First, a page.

It’s not often that I receive notes or messages thanking me for sharing stories of my life through editorials.
That has not been the case in the last month or so.
Nearly a dozen readers have sent praise for my take on the civil unrest in Ferguson, Mo., the use of corporal punishment and its impact on effective parenting and a more recent ode to becoming a better person after the death of a child.
Correspondence has ranged from emails to personal letters to handwritten and personally delivered notes.
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Each was positive in nature. Some expressed empathy, while others highlighted the forthright nature in which I tackled each subject.
Most felt connected to the words and related to the recounted experiences.
Twice in recent weeks, I have met face to face with two of the readers.
One was a gentleman — a veteran of the armed forces — born and raised in Pleasant Hill. We talked of similar situations involving corporal punishment and our respective oldest sons. We shared how we learned that more-than-occasional spanking caused a rift in the father-son relationship.
We also came to agreement that we are better off as parents without corporal punishment and that subsequent relationships with our other children grew fonder because of that stance.
It was an interesting, engaging conversation, one that I left filled with more knowledge of the world around me than before we sat down. It reinforced the notion that open and honest dialogue reveals that despite perceived differences, not much separates one person’s life experiences from another’s.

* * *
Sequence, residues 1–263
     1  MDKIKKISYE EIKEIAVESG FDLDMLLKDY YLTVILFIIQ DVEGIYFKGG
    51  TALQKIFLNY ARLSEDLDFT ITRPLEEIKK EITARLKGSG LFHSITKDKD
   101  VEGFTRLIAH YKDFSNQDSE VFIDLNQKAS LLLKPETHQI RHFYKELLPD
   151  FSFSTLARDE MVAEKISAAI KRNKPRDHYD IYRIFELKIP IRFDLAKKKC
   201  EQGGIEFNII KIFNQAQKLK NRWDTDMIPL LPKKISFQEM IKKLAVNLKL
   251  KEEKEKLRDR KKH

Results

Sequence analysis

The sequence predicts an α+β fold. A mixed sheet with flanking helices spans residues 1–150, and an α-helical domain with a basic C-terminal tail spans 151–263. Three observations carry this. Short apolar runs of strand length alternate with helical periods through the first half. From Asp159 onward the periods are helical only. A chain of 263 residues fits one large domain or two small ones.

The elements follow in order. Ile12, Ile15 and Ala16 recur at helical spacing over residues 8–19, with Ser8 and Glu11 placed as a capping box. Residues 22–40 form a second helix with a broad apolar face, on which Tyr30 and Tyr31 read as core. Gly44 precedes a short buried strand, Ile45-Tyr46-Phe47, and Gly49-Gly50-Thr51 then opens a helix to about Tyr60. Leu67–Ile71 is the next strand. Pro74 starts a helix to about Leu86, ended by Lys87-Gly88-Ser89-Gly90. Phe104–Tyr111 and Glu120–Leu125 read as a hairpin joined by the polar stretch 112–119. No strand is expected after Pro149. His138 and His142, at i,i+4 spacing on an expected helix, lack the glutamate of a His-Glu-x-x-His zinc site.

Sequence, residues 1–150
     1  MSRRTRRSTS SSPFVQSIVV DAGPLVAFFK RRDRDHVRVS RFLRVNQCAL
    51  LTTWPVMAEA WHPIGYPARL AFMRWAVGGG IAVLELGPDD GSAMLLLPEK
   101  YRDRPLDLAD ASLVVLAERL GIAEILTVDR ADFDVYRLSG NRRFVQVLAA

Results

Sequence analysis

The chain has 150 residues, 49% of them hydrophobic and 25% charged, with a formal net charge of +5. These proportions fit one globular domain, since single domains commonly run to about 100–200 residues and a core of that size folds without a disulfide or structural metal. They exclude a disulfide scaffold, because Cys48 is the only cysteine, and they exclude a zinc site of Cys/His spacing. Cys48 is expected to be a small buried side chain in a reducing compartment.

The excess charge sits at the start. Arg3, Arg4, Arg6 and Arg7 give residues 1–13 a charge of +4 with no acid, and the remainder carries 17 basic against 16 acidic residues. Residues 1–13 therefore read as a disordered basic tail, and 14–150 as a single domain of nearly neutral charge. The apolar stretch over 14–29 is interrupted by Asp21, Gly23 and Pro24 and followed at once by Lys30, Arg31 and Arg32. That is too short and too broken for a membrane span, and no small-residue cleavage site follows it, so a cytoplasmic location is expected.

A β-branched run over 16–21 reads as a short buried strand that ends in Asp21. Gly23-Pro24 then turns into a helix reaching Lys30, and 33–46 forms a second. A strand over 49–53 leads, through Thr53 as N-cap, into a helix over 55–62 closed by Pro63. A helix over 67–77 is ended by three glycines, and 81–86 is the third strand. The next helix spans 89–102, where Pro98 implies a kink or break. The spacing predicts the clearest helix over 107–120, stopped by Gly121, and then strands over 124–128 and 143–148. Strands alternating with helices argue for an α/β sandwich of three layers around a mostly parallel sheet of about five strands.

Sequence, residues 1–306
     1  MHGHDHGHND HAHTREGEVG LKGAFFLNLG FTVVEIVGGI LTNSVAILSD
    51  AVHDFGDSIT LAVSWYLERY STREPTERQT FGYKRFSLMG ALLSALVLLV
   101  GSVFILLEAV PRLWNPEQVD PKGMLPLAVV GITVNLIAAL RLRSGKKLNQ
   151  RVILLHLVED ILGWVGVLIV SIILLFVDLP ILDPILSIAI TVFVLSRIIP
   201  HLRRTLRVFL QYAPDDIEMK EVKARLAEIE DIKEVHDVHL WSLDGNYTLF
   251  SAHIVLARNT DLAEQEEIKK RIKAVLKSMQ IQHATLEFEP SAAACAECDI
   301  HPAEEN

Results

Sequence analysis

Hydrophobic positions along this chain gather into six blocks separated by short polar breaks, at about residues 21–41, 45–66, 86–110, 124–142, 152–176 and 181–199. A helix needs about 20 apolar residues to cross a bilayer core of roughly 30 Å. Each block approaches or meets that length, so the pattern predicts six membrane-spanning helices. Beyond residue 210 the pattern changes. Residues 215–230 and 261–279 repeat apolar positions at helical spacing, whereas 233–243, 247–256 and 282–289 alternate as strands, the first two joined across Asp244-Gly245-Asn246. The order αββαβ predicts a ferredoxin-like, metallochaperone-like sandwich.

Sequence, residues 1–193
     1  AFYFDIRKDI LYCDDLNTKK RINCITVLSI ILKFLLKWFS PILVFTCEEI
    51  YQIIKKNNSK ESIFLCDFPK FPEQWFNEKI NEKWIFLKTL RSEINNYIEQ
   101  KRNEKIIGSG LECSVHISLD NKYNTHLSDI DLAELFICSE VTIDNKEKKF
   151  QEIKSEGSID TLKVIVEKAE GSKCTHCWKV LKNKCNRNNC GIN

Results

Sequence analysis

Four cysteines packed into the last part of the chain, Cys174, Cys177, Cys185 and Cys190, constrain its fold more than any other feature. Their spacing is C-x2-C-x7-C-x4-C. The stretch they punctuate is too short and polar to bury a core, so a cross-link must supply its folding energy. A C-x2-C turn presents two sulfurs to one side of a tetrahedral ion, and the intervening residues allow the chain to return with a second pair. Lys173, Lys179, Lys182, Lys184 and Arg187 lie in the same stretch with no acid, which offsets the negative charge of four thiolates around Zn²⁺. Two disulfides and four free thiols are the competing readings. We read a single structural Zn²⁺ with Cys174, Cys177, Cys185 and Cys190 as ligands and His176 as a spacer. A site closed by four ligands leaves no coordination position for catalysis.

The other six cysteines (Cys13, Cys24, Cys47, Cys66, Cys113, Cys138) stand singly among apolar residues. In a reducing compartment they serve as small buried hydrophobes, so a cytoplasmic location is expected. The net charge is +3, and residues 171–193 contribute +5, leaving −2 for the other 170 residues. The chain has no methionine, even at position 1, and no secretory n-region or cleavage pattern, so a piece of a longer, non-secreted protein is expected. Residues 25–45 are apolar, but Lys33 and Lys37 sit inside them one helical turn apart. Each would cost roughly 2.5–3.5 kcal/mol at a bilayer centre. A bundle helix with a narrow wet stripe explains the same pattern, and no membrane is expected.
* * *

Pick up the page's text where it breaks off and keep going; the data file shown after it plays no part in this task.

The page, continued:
The second meeting was with a retired government official of a small town in Kansas. The gentleman, whom a close friend referred to as “The Mayor,” took interest in a sit-down after reading my editorial on Ferguson.
“The Mayor” and I talked about various subjects during our meeting. He revealed the work he has done in the last few years on behalf of a friend, a convicted robber who was sentenced to the state penitentiary for his crime.
The friend, “The Mayor” told me, suffered from post-traumatic stress syndrome. After the death of the man’s son, the man hit rock bottom, hence his crime. The friend is now appealing the conviction.
What “The Mayor” claimed to be shoddy work by the man’s public defender left “The Mayor” disenchanted with the justice system.
It was an eye-opening conversation. A man who was once a city government official expressed disbelief that a veteran with a diagnosed condition was sentenced to prison instead of being offered the help he needed to deal with PTSD.
I also received a letter from a reader, a financial adviser from Lee’s Summit. He wrote how my column about my son’s death evoked memories of a brother who passed away more than 25 years ago. He thanked me for “sharing some of your soul and heart” and stated those shared emotions “are comforting.”
Often reporters and editors are besieged with messages and calls reprimanding them for typos, grammatical errors and such. Today, I choose to acknowledge those who have reached out and encouraged me to keep baring my soul.
Toriano Porter is a reporter for the Lee’s Summit Journal, a sister publication of The Kansas City Star.